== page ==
EXAMPLE I A mixture of 1200 g. of ten. butanol and 50 g. of water was placed into a heatable, 5-liter, refined-steel, high-pressure autoclave. The pH value of the mixture was adjusted to 4.0 with aqueous hydrochloric acid. The mixture was then heated to 60 C. and an ethylene pressure of 40 atm. was established. A solution of 6.0 g. of azodiisobutyronitrile in a mixture of 300 g. of ethylacrylate, 700 g. of vinyl acetate and 2.5 g. of acrylic acid was added over a period of 3 hours. Reaction temperature and ethylene pressure were kept constant. Subsequently, the reaction was completed under the same conditions for 3 hours. The mixture was then cooled and relieved from pressure. Copolymer was isolated from the reaction mixture by removing solvent and residual monomers under reduced pressure. The resulting copolymer contained about percent of ethylene, 25 percent of ethylacrylate, 58 percent of vinyl acetate and 2 percent of acrylic acid. The molecular weight was about 1,000,000.

In the accompanying drawing, FIGS. 1a and lb are plots showing the loss modulus d as a function of temperature.

FIG. 2a shows a sandwich system of the invention in a symmetrical arrangement.

FIG. 2b shows a sandwich system in an asymmetric arrangement. The two outer plates or sheets (I) have the vibration damping layer (2) therebetween.

A comparison of FIGS. la and lb illustrates the superior efficiency of the novel systems. The curve in FIG. la shows the loss factor d of a metal sheet arrangement of the invention as a function of temperature. It is, for example, compared with one of the most effective vibration damping materials known for metal sheet arrangements, namely a modified vinyl acetate copolymer containing plasticizers (curve in FIG. lb). The copolymer shown in the curve of FIG. lb is a thermoplastic adhesive especially suitable for preparing vibration damped metal sheet arrangements comprising two outer metal sheets and a self-adhesive thermoplastic as the vibration damping interlayer. Systems of this type provide a damping effect which is extremely high in its maximum and can not be exceeded for physical reasons (cf. H. Oberst and A. Schommer, Kunststoffe 55, 634 (1965 especially FIG. 9). In a symmetrical arrangement comprising two metal sheets, each of a thickness of 0.5 millimeter, and an interlayer of a thickness of 0.3 millimeter, the loss factor d of the combined system, measured in the bending resonance method (cf. for example H. Oberst, L. Bohn and F. Linhardt, Kunststoffe 51, 495 (196]), almost reaches the value d of l. The known metal sheet constructions damped by one-sided damping coatings which are applied as layers of so-called vibration damping materials capable of being sprayed, trowelled or bonded, show loss factors generally less than d =0.2, the combined system having a technically reasonable thickness of the coating or ratio of coating mass to plate mass. By means of the metal sheet sandwich systems which gain a growing importance in recent times, it is possible to obtain damping values increased by a multiple, when the interlayer material is chosen in the most appropriate composition and thickness, as is shown in the example cited herein.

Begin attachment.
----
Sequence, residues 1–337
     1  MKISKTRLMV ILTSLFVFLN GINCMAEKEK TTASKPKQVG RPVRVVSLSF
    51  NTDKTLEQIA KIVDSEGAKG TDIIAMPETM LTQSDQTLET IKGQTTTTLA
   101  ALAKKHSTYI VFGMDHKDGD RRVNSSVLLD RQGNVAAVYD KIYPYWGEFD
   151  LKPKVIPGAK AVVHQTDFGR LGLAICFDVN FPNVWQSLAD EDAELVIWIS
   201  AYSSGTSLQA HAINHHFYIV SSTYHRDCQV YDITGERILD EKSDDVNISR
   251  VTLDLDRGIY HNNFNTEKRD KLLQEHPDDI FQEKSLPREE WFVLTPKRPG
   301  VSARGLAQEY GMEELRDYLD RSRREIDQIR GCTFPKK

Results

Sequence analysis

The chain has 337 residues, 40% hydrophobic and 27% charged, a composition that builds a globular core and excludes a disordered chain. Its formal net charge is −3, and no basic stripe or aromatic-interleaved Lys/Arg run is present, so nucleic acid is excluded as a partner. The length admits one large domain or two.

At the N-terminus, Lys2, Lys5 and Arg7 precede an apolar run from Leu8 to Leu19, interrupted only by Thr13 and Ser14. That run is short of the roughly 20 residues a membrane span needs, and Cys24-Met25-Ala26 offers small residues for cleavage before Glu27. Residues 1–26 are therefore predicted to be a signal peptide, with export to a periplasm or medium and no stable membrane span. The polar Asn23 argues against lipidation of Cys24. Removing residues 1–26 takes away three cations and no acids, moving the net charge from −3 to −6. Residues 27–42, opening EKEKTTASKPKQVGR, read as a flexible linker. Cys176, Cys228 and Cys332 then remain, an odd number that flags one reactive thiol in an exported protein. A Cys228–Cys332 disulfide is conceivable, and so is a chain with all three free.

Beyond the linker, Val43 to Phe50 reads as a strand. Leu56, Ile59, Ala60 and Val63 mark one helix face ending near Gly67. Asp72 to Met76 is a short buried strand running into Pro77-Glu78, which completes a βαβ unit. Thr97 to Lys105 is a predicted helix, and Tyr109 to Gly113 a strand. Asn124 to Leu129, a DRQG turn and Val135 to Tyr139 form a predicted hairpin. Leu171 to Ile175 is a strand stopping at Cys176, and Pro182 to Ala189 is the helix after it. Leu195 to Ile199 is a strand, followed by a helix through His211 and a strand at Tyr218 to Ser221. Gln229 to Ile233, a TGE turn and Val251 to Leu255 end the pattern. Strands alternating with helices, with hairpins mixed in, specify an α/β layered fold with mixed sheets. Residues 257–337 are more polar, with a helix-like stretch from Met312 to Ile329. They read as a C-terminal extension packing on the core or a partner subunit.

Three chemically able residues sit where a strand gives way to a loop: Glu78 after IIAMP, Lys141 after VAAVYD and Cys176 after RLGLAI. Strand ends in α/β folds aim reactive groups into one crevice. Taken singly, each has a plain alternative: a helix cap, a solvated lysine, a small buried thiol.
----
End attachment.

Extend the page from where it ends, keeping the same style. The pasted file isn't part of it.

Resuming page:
The temperature bandwidth of the damping in the metal sheet sandwich system does not only depend on the viscoelastic values of the interlayer and of the steel sheets, but, to a considerably extent, also on the geometry of the arrangement, i.e., on the ratio of the layer thicknesses (see cited literature (1965) FIGS. 8 to 10). In the case of metal sheet sandwich systems, it is advantageous to define the bandwidth to be the range of the temperature interval within which the value d,,,,,,,,,=0.05 is exceeded. The damping effect of metal sheets which are not damped by additional vibration damping means in metal sheet constructions of a different kind,- corresponds to values d ,,.,,=0.0l and less. The reference value d =0.05 thus means a considerable increase in the damping effect (by about 15 db. (decibel)) as compared to the nil damping d =0.0 1.

ln the curve shown in FIG. lb, the reference value d 0.05 is exceeded in the mainly interesting frequency range of from to 1,000 c.p.s. (Hz.) at temperatures ranging from about 0 to 50 C., the temperature bandwidth therefore amounts to about 50 C. It is for this reason that sandwich systems of this type are suitable for many technical fields of application. By modifying the content of plasticizers, it is possible to shift the temperature bank of a high damping effect to higher temperatures and thus to adapt it to special technical uses, for example in machine units operating at elevated temperatures. This construction mode of metal sheet sandwich systems comprising a self-adhesive interlayer of the most appropriate composition and thickness, of a vibration damping material having a broad temperature band and being prepared by copolymerization of appropriate monomeric components, has hitherto not been excelled by other arrangements of a similar kind and can therefore be regarded as a standard system which can serve for judging the acoustic efficiency of the system of the invention by comparison.

FIGS. 1a and lb show the temperature curves of the loss factor d of metal sheet sandwich systems comprising steel sheets of a thickness of 0.5 millimeter each and damping interlayers of a thickness of 0.3 millimeter within a frequency range of from 100 to 1,000 c.p.s. The curves have been measured in sandwich systems comprising la. a copolymer of 63 percent by weight of vinyl acetate, percent by weight of ethylene and 27 percent by weight of ethylacrylate as an interlayer (according to the present invention) and lb. a modified vinyl acetate copolymer containing plasticizers, as an interlayer.